Just think about the implications of this case—you invite a scientist to discuss his research about life on other planets and the climate, but you cancel his appearance not because of some flaws or controversy in his research but because of his opinions on topics that are not related to his work. This trend is clearly detrimental to science. Imagine a scientist who is about to discover a cure for cancer or a solution to the energy problem. However, because this scientist has some opinions or behaviors that we do not approve of on moral or political grounds, we refuse to listen to his lectures and read his papers, and we ban his research. This is highly dangerous for science… and unfortunately this is happening now.
This kind of cancellation because the speaker has said things not in a scheduled talk, but in other places, is becoming more common, and this kind of deplatforming is shameful. At least we should be able to discuss these issues, especially in science, where quality work is more easily discerned than work in the humanities. But no discipline should have to experience the kind of disapprobation that Abbot did. Fortunately, the University of Chicago defended him by ignoring the calls to punish him.
One more Q&A;
What are some practical steps for promoting academic freedom on campus?
I like this attitude: we should stop complaining and start doing!
I would organize my suggestions into two categories: one is individual responsibilities, and the second is what we should do as communities.
As individuals, we need to learn how to speak up. Solzhenitsyn, a famous Soviet dissident who wrote The Gulag Archipelago and received the Nobel Peace Prize, once said, “The simple step of a courageous individual is not to take part in the lie. One word of truth outweighs the world.” We often fail to do this. Many people are willing to take part in the lie. They remain silent and complicit; they do not speak up.
Where do we start? I have a very simple suggestion for everyone: If you witness a lie—call it out; do not stay silent. If you see that the King is naked—say “The King is naked”.
That said, I do understand that speaking up is not easy. There could be consequences, and there often are consequences—recall Dorian Abbot’s case. But while no one wants to be a martyr for free speech, we should learn from history that we cannot just hunker down and wait for the storm to pass.
. . . This brings me to what we can do as communities. We do not need to act as isolated agents. It’s easier to take down a single person than a group—there is strength in numbers. That is why I am really delighted to see organizations like the AFA and FIRE taking the lead in providing support and protections for the principles of freedom of speech and academic freedom. These organizations make a real difference by defending individuals who would otherwise be standing all alone against a powerful university or a professional organization “machine” that wants to fire or “disappear” them for their unpopular views. The AFA and FIRE provide counterweight to administrators who forget what their role is supposed to be and become complicit with the mob justice of cancel culture promulgated by small groups of extremists.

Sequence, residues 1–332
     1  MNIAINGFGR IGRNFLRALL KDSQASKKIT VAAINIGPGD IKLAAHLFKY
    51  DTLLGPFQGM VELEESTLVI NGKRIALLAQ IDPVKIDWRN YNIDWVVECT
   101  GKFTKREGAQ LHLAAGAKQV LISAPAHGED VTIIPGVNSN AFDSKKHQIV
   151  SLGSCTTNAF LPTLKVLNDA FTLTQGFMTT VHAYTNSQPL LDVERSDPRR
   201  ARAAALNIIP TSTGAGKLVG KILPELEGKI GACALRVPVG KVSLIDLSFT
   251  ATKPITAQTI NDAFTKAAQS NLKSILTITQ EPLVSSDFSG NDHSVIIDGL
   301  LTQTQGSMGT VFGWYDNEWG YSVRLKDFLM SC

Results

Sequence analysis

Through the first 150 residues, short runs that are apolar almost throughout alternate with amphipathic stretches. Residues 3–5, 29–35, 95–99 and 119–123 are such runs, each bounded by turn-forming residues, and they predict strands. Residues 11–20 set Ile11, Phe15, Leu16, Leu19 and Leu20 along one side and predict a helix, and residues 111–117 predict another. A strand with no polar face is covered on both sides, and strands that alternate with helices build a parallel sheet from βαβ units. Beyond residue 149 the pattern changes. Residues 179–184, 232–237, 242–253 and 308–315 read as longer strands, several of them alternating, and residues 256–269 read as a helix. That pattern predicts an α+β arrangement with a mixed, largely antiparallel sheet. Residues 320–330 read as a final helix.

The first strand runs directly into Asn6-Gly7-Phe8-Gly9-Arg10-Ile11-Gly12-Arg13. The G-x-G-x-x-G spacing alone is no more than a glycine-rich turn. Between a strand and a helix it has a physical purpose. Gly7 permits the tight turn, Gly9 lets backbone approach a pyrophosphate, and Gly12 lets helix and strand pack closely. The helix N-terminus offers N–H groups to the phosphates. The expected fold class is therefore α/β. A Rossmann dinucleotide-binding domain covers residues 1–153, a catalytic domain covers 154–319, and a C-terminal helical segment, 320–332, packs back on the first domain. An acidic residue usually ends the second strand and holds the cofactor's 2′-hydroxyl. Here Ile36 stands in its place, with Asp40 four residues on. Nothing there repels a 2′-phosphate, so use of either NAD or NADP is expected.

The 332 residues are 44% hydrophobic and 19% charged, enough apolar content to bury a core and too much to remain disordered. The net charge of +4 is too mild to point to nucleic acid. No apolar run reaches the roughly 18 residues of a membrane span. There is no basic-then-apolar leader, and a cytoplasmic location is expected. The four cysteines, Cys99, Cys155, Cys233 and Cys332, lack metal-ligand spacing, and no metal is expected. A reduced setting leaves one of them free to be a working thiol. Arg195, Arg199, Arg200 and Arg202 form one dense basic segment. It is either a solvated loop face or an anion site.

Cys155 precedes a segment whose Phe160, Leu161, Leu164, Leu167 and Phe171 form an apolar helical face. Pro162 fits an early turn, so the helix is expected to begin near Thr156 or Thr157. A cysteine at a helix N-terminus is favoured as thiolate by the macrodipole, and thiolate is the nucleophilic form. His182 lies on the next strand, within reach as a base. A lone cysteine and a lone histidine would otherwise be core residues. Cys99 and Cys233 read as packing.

This is the same set of tactics recommended for atheists or humanists who oppose the incursion of religion into government. I know from talking to my colleagues that many despise the replacement of science by social engineering, and the climate of ideological uniformity that it promotes, but dare not speak up for fear of being branded bigots. I myself have been reluctant to talk about some of this, but of course as a retired professor I have little to lose. And I’ve found, by speaking up and doing stuff, we’ve actually accomplished the strengthening of free speech at the University of Chicago, a place that wouldn’t seem to need it but has been increasingly cowed by wokeness.
Here are two of the other questions she answers, and there are more as well:
You recently published several articles about threats to academic freedom in the natural sciences. What motivated you to do this, and how did you find the courage to speak your mind?
How do you encourage your students to be open-minded and appreciate diversity of thought?
More power to Anna. She is not retired, but in our conversations she has to encourage me to speak up more!
I’m not sure about the nature of this website, The Freethinker, but it appears to be a rationalist and humanistic venue. But I haven’t investigated it in any detail as I really don’t care about its politics given that the article at hand is an interview with Richard Dawkins. Nor is the interviewer named; it’s just “Freethinker.”
Much of the interview you may already know about, as a lot of people here follow Richard, but I’ll highlight just a few intriguing questions and answers. The Q&As in the piece are indented, and click on the following to read:
The introduction includes this:
On his sitting room wall, I spotted two paintings that seemed somehow familiar. They turned out to be by Desmond Morris, the zoologist and surrealist painter; the larger one was The Expectant Valley, which served as the cover for the first edition of The Selfish Gene (1976). Dawkins later acquired them from the artist.
You’ll recognize the painting to the right:
‘Please focus on the science in your write-up rather than the politics,’ he said as I was leaving, ‘it’s more interesting.’ But that is the risk of being a public intellectual with a Twitter account: humans are an odd species, and with all the scientific insight in the world, it is hard to predict which ideas will do best in the memepool.We leave readers to judge for themselves.